Watson, a Heisman finalist in 2015, is expected to be one of the Top Five players elected in the 2017 NFL draft. Fournette’s draft value is viewed being in the same neighborhood.
Clemson, like LSU, has picked up the tab for the insurance policies, which is permitted under NCAA bylaws. The typical policy will run between $6,000 to $10,000 per $1 million of coverage.
LSU will be without safety Ed Paris for the rest of the season, head coach Ed Orgeron said Monday. Paris suffered a “significant” knee injury during practice last week, for which he has already undergone surgery.
“He’s always around here and smiling and making sure everybody knows he’s good,” cornerback Donte Jackson told the Baton Rouge Advocate. “He wants us to know that he’s all right and that we should just keep playing. He’s always in (the film room). He gets treatment and then he’s right in there and tries to watch practice a little before he has to get his next treatment.”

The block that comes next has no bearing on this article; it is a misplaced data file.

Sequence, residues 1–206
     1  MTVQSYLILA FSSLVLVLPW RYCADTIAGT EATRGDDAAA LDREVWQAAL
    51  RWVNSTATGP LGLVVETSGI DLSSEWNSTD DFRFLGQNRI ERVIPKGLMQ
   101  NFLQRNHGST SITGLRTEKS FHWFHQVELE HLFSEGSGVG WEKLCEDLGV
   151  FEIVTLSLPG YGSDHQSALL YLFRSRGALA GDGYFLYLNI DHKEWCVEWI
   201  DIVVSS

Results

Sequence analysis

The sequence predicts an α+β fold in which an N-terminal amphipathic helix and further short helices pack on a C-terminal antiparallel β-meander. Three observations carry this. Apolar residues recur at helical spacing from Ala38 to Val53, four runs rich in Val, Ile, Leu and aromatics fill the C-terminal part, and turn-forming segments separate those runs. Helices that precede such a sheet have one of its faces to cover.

Paris is a senior, which means it’s possible he has played his final game as a Tiger. However, Oregeron believes he could seek and receive a medical redshirt to return in 2018.
“Ed’s going to be out for the season,” Orgeron said. “Just went through an operation, and hopefully we can redshirt him and get him back for next year.”
A native of Arlington, Texas, Paris split at safety with Grant Deplit.
Paris has played in 40 career games, with two starts.
In October of 2014, it was confirmed that LSU and Miami would open the 2018 college football season against each other. Nearly three years later, we have a date and time to go along with it.